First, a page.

These causes remain sub judice. While the Court, in reaching its determination with respect to these motions has considered the exhibits, pleadings, testimony and evidence in those cases, nothing herein contained should be deemed to make any findings, express or implied, in that litigation, and no inference should be drawn from these findings and conclusions as to the ultimate disposition of that litigation by the Court. In that litigation (hereinafter "the Fritsch case"), the rank and file whom Schwartz, et al., seek to represent here, are parties through Fritsch, et al., and the District Council is a party to the record. Defendants in these two cases had there ample opportunity for confrontation and cross-examination. Accordingly, they are bound by the record.
Schonfeld has served as Secretary-Treasurer since his election in 1967. He was re-elected in 1970. Although as noted, the Secretary-Treasurer is elected by the vote of all members of the affiliated locals of District Council No. 9, all other officers of District Council No. 9 are elected by vote of the delegates to the District Council. The delegates are elected in turn by the members of the local unions they represent. And, each local is represented by a number of delegates roughly proportional to its total membership. It can be seen, accordingly, that the Secretary-Treasurer is, by reason of his election throughout the craft, the district officer closest to the rank and file in terms of the democratic process. He is also the most powerful.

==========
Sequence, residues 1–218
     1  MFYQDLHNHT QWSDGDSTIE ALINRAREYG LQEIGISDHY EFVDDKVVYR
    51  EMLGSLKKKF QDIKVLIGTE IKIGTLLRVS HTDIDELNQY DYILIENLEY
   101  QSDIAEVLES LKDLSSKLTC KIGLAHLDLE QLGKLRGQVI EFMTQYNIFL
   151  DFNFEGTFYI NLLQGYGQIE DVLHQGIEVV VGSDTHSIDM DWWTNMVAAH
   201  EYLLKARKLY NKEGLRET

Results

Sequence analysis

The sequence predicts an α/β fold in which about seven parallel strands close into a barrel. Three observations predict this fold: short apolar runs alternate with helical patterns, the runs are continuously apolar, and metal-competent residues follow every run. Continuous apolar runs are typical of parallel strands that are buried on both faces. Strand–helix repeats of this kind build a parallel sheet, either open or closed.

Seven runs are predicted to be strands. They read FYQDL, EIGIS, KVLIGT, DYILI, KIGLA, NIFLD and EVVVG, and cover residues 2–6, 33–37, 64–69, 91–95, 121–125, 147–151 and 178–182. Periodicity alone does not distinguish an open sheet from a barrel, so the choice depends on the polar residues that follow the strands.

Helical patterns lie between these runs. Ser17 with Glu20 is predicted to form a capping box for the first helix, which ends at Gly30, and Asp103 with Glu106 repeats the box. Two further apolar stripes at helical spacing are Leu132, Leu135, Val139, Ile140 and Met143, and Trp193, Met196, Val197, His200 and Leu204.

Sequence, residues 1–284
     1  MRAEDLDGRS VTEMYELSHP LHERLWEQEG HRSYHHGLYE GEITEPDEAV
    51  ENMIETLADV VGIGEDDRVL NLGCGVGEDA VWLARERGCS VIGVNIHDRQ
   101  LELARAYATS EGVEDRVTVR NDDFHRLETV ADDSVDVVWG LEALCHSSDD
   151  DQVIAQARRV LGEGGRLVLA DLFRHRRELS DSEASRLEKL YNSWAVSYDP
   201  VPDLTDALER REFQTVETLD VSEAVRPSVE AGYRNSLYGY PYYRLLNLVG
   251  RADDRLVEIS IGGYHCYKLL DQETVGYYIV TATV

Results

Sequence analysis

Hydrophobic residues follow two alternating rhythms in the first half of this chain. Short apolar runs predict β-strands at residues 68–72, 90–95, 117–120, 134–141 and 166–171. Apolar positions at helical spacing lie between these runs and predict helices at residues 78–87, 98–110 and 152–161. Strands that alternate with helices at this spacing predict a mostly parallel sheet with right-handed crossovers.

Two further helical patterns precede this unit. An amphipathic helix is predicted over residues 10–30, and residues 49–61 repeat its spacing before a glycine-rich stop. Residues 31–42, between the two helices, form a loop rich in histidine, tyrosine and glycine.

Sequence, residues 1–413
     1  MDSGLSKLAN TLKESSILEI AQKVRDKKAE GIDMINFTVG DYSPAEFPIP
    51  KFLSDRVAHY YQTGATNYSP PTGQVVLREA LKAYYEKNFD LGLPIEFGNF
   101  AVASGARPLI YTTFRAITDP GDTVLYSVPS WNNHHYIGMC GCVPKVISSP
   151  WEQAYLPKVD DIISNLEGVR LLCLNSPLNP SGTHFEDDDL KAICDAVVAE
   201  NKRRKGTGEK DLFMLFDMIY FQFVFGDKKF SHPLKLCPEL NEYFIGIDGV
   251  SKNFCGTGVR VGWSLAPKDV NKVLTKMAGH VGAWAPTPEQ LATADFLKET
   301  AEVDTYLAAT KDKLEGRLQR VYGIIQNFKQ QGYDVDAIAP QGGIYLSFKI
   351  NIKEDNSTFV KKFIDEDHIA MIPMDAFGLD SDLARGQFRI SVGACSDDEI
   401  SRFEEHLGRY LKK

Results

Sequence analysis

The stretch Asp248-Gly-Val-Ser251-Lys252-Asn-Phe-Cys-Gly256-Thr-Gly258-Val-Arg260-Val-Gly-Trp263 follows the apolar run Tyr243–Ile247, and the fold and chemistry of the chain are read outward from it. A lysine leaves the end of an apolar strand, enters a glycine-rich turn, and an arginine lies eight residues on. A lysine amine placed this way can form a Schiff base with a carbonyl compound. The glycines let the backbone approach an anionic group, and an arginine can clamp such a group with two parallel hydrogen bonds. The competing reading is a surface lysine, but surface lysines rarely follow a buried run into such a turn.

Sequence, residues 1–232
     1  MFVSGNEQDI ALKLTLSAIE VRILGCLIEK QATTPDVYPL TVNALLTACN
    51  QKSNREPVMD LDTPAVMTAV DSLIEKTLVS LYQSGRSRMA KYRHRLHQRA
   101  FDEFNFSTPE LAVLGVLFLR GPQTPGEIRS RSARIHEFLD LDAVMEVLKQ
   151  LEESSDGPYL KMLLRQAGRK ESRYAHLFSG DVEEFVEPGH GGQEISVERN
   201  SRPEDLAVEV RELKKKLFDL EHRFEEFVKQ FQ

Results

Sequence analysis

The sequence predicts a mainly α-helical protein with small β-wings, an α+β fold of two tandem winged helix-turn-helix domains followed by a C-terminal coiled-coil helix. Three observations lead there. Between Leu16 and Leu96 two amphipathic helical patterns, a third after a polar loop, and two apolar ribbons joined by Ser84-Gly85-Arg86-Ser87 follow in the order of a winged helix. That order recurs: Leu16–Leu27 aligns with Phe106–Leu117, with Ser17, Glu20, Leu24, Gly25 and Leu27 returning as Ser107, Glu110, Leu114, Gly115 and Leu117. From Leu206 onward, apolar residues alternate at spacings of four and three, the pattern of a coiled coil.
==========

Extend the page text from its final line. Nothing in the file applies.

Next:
The Court will not characterize the prior experiences of the District Council before the coming to office of Schonfeld. Schonfeld, with some justification, and with the concurrence of Schwartz, et al., characterizes himself as a reformer, intent on bringing honest and fair dealing to the union, and zealous in his long struggle for the rights of the rank and file. Morris Levy, President of District Council No. 9, has in contrast, said of Schonfeld "Your Honor, he is not the Savior, not the God over everybody. This is what his whole actions have been." (Tr. October 18, 1972, p. 13.)
The Court has no part in this underlying intra-union political controversy. The accusations made against Schonfeld are typical of those indignities visited upon reformers and zealots the world over. Nothing herein contained should be deemed a judicial taking of sides between or among the two or more elements whose generation of factionalism and litigious conduct has unfortunately been visited upon this honored craft.